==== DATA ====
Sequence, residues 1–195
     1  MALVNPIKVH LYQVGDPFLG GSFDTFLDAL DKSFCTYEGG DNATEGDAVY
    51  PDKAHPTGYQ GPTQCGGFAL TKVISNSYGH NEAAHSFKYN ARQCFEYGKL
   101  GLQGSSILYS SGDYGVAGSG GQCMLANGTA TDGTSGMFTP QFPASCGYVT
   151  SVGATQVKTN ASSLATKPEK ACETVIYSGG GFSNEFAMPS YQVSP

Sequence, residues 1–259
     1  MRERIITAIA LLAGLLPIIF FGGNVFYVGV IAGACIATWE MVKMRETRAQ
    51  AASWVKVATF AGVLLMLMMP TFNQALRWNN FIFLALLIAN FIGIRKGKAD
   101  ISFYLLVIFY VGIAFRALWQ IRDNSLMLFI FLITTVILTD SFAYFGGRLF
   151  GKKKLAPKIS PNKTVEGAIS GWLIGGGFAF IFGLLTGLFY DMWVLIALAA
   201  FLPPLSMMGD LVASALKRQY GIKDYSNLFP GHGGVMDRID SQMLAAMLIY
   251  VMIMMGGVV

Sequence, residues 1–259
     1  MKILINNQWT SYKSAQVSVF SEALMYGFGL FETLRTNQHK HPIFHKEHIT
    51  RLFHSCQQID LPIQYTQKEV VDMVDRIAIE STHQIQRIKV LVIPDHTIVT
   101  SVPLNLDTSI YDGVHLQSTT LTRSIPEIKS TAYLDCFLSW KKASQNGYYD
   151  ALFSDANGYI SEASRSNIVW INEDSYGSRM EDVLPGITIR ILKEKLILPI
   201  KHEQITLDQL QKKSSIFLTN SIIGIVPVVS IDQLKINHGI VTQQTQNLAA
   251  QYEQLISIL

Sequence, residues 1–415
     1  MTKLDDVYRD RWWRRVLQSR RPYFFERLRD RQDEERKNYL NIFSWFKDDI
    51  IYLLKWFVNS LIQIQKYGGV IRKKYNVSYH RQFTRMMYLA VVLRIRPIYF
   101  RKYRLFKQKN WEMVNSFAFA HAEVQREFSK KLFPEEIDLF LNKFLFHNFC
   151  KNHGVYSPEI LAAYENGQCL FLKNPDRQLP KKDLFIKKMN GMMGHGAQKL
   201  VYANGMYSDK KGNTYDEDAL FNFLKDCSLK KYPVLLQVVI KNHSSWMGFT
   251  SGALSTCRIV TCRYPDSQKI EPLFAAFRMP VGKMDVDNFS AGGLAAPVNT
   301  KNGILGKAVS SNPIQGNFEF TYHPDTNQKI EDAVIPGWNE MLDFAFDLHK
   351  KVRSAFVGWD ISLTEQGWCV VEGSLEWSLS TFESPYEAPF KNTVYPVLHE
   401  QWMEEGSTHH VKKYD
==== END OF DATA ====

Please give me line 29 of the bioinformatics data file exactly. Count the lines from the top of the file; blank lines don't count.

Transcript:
   401  QWMEEGSTHH VKKYD